Reporter Jamie Colby: Some really important concerns this Memorial Day weekend about the treatment our soldiers receive when they return from battle. And there’s a Fox News investigation into the increased use of powerful psychiatric drugs on our veterans and the impact these drugs are having. Our Douglas Kennedy looked into this as part of our series on drugging the American soldier.
Douglas Kennedy: Marine Corporal Andrew White survived the war in Iraq in 2005.
Stan White: Temper tantrums, tremors…
Douglas Kennedy: Unfortunately says his father Stanley, he could not survive the drug cocktail prescribed to him by his caregivers at the Department of Veteran’s Affairs.
Stan White: Once they treat you for PTSD, the first line of treatment seems to be a series of medications. We call them “lethal cocktails.” And if it doesn’t work they increase the dosage, give you more and more and more and more….
Douglas Kennedy: Andrew was prescribed 19 different medications from the VA, and was on 5 drugs for insomnia when he accidentally died in his sleep in 2011. A cocktail that included the antidepressant Paxil, the anti-anxiety Klonopin and the antipsychotic Seroquel.
Peter Breggin: It’s inexcusable to be giving our military and our vets multiple psychiatric drugs and cocktails. They do no good, they do huge harm.
Douglas Kennedy: Peter Breggin is a psychiatrist, who says the military and VA’s use of psych drug cocktails is verging on criminal.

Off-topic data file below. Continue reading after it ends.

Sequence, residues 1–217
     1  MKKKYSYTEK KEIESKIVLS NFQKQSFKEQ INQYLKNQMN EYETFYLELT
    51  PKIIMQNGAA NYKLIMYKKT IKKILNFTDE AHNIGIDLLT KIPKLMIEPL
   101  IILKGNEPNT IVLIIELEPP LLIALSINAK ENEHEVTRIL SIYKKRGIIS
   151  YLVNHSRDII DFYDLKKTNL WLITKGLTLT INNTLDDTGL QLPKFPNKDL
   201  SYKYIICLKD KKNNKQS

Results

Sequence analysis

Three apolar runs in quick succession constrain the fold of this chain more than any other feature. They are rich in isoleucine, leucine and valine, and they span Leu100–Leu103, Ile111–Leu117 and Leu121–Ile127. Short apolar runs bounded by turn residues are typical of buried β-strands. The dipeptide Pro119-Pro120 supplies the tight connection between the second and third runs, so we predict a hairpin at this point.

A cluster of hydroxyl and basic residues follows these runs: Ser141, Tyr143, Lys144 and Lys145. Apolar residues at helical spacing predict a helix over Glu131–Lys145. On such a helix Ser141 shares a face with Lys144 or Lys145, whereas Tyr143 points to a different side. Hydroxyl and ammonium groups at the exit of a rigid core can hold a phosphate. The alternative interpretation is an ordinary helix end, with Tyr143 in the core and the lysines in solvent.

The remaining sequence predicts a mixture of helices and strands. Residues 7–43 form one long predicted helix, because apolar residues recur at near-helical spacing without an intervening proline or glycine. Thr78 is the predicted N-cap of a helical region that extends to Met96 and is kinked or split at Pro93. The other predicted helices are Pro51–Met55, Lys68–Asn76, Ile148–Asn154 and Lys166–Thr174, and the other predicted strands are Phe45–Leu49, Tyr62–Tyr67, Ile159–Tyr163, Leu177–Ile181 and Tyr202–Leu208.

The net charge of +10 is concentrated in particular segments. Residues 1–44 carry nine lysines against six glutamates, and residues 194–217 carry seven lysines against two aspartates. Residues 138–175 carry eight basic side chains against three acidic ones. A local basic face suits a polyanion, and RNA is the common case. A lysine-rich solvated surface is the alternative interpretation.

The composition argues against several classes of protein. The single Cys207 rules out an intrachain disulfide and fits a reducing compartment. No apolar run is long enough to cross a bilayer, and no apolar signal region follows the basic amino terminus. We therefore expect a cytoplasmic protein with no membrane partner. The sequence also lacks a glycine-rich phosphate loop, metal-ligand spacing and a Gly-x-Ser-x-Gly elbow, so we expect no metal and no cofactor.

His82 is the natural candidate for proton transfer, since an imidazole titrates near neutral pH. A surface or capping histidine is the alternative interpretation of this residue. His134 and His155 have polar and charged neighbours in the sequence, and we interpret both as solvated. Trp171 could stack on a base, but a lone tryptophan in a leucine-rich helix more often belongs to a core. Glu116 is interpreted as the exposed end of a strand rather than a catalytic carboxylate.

Peter Breggin: We now know that exposure to multiple drugs over a period of months or years leads to chronicity, it leads to disability…
Douglas Kennedy: And he says it leads to suicide and accidental death. Still between 2005 and 2011, the military and VA went on a spending spree with psychoactive medication. Increasing prescriptions by a whopping 682%. An increase, which this military spokesman defends.
Military Spokesman, Captain Michael Colston, MD, U.S. Navy Medical Corps: What might be appropriate in addition to giving an antidepressant drug, to give a medicine that helps with the anxiety for a little while and then when the anxiety goes away but the depression hasn’t still quite remitted, you may want to think about using another medication.
Douglas Kennedy: The military says the use of drug cocktails is safe if used as prescribed. What would you say?
Stan White: I do not agree. There’s no research available that we know of that says that multiple drugs are safe.
Douglas Kennedy: Unfortunately he says his son was a guinea pig, for what he calls psych drug experiments. In Charleston, West Virginia, Douglas Kennedy, Fox News.
Douglas Kennedy was the first national reporter to link antidepressant medications to adolescent suicide and violence, prompting government hearings that eventually resulted in the black box warnings from the Food and Drug Administration. Most recently he exposed an Internet fraud selling phony cancer drugs to the terminally ill, in which the owner of the Web site was later indicted. Previously he worked at the New York Post as a crime reporter and solved a double homicide in Queens by finding a dead body before the cops. Read more about Douglas Kennedy here.